Measures for preserving evidence are available even before the proceedings commence. Article 7 provides that such measures may be granted under the same conditions as under Article 6 and include provisional measures such as physical seizure not only of the infringing goods (such as hard drives) but also materials used in the production and distribution.

Article 6 provides that such measures may be taken without the other party having been heard, in particular where any delay is likely to cause irreparable harm to the rightholder or where there is a demonstrable risk of evidence being destroyed. These are interlocutory, ex parte and in personam orders known in the English and Irish jurisdictions as Anton Piller orders. They are not used outside the UK and Ireland.

Provisional and precautionary measures

At the request of an applicant, the judicial authorities may issue an interlocutory injunction to prevent an “imminent infringement” of intellectual property rights or to prevent a continuing infringement. In the latter case, the order may be followed with a recurring penalty payment or lodging of a guarantee intended to compensate the rightholder (paragraph a). An injunction can also be issued, under the same conditions, against an intermediary, but these are covered in Article 8(2) of the Information Society Directive and are, in principle, subject to national law.

Apart from the ordinary injunctions of the previous paragraph there also exist the so-called Mareva injunctions in Article 9(2). In common law, these are ex parte and in personam orders used to freeze assets to prevent abuses of process. They can be issued as worldwide injunctions, preventing worldwide dispersal. In that case, their effectiveness depends on their in personam character, as a party who is found to be guilty of disposing of assets will be held to be in contempt of court. Like Anton Piller orders, their use is confined mostly to the UK.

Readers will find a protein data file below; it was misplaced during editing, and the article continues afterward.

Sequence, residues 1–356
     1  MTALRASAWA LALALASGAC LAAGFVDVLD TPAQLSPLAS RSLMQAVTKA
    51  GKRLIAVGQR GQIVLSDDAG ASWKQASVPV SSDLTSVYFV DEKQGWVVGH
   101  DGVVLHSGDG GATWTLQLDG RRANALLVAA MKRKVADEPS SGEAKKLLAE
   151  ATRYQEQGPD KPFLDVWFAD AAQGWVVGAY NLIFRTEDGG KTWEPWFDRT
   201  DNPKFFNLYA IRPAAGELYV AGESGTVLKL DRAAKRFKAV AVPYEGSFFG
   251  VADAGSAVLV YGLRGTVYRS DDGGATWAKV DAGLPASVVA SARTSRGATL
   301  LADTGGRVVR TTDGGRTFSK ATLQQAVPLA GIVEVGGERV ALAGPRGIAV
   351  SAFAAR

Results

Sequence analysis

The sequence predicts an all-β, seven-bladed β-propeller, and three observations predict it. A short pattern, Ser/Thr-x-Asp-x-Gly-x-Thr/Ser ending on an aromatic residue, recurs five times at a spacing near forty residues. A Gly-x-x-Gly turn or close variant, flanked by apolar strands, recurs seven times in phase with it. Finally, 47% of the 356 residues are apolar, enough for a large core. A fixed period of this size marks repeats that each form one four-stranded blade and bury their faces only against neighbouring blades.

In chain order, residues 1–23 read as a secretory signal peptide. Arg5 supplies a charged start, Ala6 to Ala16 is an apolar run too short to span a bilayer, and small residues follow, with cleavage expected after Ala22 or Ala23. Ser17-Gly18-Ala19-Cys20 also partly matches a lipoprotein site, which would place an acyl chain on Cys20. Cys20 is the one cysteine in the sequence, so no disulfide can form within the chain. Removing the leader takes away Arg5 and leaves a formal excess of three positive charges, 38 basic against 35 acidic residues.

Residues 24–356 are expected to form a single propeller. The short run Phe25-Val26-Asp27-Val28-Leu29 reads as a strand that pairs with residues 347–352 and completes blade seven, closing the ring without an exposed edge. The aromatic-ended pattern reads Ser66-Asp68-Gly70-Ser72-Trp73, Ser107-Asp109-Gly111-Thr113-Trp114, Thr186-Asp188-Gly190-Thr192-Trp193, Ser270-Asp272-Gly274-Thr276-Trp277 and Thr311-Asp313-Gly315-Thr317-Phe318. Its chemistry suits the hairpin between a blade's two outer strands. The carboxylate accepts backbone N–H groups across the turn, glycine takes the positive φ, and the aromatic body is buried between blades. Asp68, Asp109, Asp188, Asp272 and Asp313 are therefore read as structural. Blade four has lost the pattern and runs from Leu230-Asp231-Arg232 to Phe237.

Article 9(2) provides that, in the case of an infringement on a commercial scale, judicial authorities may order a precautionary seizure of “movable and immovable property” which includes freezing the bank accounts and other assets. This may only be done if the applicant demonstrates that it is likely that recovery of damages will be endangered. Further to that, documents relating to banking and other financial transaction may be communicated.


The provisions of the Directive were due to be implemented in all member states of the European Union by 29 April 2006. However, a number of states have not completed the necessary steps.

The Directive has been implemented into United Kingdom law by the Intellectual Property (Enforcement, etc.) Regulations 2006. It has been implemented in France by the "décret 2008-624" of June 27, 2008. The Swedish government is planning to implement the directive on January 1, 2009.


The Directive has been widely criticised on the account of its allegedly draconian approach, said by some to mimic the American Digital Millennium Copyright Act (DMCA). So strong was the criticism, in fact, in particular from telecommunications industry and parts of computer industry, that the original draft was substantially changed. A number of problems still remain in the final document.

  • Cambridge University’s Ross Anderson
  • ZDNet News
  • BBC Analysis
  • Indymedia on RFID tags

See also


External links

Search another word or see Property rightson Dictionary | Thesaurus |Spanish
Copyright © 2015, LLC. All rights reserved.
  • Please Login or Sign Up to use the Recent Searches feature